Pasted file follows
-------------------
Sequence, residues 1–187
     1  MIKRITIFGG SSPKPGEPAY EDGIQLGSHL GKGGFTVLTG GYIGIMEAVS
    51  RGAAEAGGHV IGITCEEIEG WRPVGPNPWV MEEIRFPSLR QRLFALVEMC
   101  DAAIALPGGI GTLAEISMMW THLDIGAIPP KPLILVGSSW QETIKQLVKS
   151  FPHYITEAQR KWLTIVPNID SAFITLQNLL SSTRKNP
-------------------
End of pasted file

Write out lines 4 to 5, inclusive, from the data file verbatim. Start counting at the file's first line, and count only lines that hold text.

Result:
   101  DAAIALPGGI GTLAEISMMW THLDIGAIPP KPLILVGSSW QETIKQLVKS
   151  FPHYITEAQR KWLTIVPNID SAFITLQNLL SSTRKNP